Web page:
The price change percentage refers to a change in price that may be either an increase or decrease or a temporary reduction. The variable cost of living and inflation makes it impossible to sell products or services at the same price for years on end while still profiting. For example, it can be difficult to predict things such as a rise in petrol prices or in food costs. Bearing this in mind, the margins of your company need to be flexible enough to accommodate these variations, which is why monitoring them is so crucial. If you're experiencing shrinking profit margins, then it may be time to reassess your rates.
Next, we will examine the drivers that influence cash flow activity throughout each business month. By tracking these metrics, your business can identify patterns and address discrepancies in its money flow.
Gathering this data can also help forecast cash flow so you can make informed decisions:
5. Work in progress days
When dealing with a service-based organisation, work in progress days refer to the period between when wages and materials are paid for and when the job is finished and invoiced. For product-based organisations, inventory days refer to the average number of days that a product is on hand before it is sold. The easiest way to improve cash flow here is to streamline the job management process by optimising workflow on a job to reduce the number of days that a job remains in progress, which benefits cash flow and improves customer satisfaction.
6. Accounts receivable days
Considering that payment is made on credit terms, the accounts receivable days represent how long it usually takes for a customer to pay. Invoices may have a repayment term of 30 days that the customer must pay in full. Unfortunately, customers don't always pay on time. Although the repayment term is 30 days, the actual number of days it takes to pay off the account may be much longer. A discrepancy in when an invoice is created and when it is paid in full can adversely affect a business' cash flow.
7. Accounts payable days
Accounts payable days are the average number of days it takes to pay vendors or suppliers. If a vendor supplies coffee to your business monthly and sets payment terms of 30 days, your business will be required to pay the invoice in full within that time frame. Unlike accounts receivable, vendors and suppliers are usually paid out faster than cash flows into a business, which can cause cash shortages. Without a cash reserve in the bank, a business can only operate at a limited level if its money is spent on suppliers and customer payments are delayed.
With Advanced Financials accounting software, CFOs can...
Ensure accurate cash visibility with automation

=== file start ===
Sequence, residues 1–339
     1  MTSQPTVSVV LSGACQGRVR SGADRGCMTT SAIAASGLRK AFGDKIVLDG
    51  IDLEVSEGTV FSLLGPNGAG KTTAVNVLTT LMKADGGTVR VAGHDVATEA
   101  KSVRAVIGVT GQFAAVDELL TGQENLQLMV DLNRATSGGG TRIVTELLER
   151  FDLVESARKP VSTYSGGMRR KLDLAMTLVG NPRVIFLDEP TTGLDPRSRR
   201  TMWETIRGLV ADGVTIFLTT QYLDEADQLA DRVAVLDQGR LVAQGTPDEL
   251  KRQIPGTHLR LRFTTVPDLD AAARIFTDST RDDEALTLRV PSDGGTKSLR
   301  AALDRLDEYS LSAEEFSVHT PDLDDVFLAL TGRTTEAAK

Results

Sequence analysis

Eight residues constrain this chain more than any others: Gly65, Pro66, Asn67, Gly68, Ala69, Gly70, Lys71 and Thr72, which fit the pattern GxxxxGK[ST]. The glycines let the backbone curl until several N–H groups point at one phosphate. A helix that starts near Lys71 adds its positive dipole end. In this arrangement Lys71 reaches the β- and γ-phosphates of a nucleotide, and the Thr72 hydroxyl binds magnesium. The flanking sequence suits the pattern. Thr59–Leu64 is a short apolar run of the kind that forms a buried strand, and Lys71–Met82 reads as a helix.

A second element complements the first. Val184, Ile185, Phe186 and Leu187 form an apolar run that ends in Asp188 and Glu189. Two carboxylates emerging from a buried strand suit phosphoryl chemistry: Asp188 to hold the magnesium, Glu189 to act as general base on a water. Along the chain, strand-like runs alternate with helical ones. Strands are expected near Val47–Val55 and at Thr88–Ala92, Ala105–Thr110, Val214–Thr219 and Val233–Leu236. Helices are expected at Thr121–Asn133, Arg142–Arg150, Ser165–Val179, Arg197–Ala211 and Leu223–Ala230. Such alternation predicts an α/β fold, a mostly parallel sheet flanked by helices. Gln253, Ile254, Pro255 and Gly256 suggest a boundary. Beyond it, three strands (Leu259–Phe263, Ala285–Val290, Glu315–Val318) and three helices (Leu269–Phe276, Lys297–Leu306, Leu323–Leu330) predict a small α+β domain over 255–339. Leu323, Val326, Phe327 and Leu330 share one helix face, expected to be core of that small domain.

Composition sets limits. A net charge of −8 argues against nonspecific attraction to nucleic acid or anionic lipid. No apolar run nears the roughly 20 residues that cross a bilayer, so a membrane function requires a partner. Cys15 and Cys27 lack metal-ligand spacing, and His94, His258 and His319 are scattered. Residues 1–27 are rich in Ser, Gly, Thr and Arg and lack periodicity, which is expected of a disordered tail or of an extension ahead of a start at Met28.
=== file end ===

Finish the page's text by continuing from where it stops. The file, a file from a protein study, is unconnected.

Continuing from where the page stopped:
A business' cash flow analysis and reporting can be done electronically, providing a real-time and accurate picture of its entire financial picture. When all corporate accounts are linked to an expense management system, every transaction can be viewed, each account can be managed, and anomalies can be flagged.
Track cash more easily
Advanced Financials allows instant cash transactions and tracking, which saves a great deal of time and labour. Manual tracking can take hours but tracking cash in the Cloud takes only a few minutes. Email messages, electronic receipts, and bank accounts can be incorporated into AI and APIs to allow for real-time expense reporting. Having easy-to-use Cloud technology also makes employees more likely to stay on top of expenses, gives them more flexibility to make critical, timely decisions, and helps to streamline the financial process.
Provide stakeholders with access to cash analytics
When accounts are merged into a single cash management system, employees can find the necessary financial and transaction information without the need to go back and forth between IT or adjacent departments. Any team who uses it is also able to recognise patterns of spending behavior across the entire business, not just for one department.
Using Cloud technology to get a 360 view of business finances
It's unnecessary to invest vast amounts of time and effort for a less accurate view of daily operations - cash flow analysis technologies work for businesses and allow finance teams to benefit from greater transparency, more detailed data, and better forecasting.
Advanced's Advanced Financials is a robust accounting software designed to help you achieve:
Reporting that is flexible
Easily access meaningful financial data with the help of budgeting and forecasting capabilities in the Cloud which are more flexible and offer improved reporting.
A higher level of accuracy
Make informed decisions based on accurate information about the costs of projects and service usage figures available at your fingertips. Using direct access to data, create reports on demand while tracking spending against original forecasts and analysing it in different ways.
Streamline approvals and authorisations
Achieve clear visibility of progress via built-in workflows and embedded version history help minimise errors and speed-up approval processes.
Increase workplace productivity
By eliminating duplication of effort, finance teams can devote more time to value-added tasks such as financial analysis, risk management and strategic planning.
Processes that work
Ensure data is always submitted in the right format with integrated budgeting and forecasting systems.
Enhanced scenario planning
In contrast to spreadsheets with complicated macros, centralized budgeting and forecasting solutions make it easier to factor in different scenarios and support longer-term financial planning.
Alternative budgeting models
Allocating and monitoring department expenditures is only one aspect of smart budgeting. Integrating systems allow forward-thinking companies to make better decisions by providing real-time, accurate and consistent data.
Efficient and cost-effective
By eliminating manual consolidation of financial data, you'll save time and money. Reduce the time required to produce an annual budget from several days to just minutes and monitor and improve financial performance.
Bring your finance team into the future with Advanced’s Advanced Financials Software. Spot problems, track business growth and success to ensure your finance function leads the way in your organisation’s growth.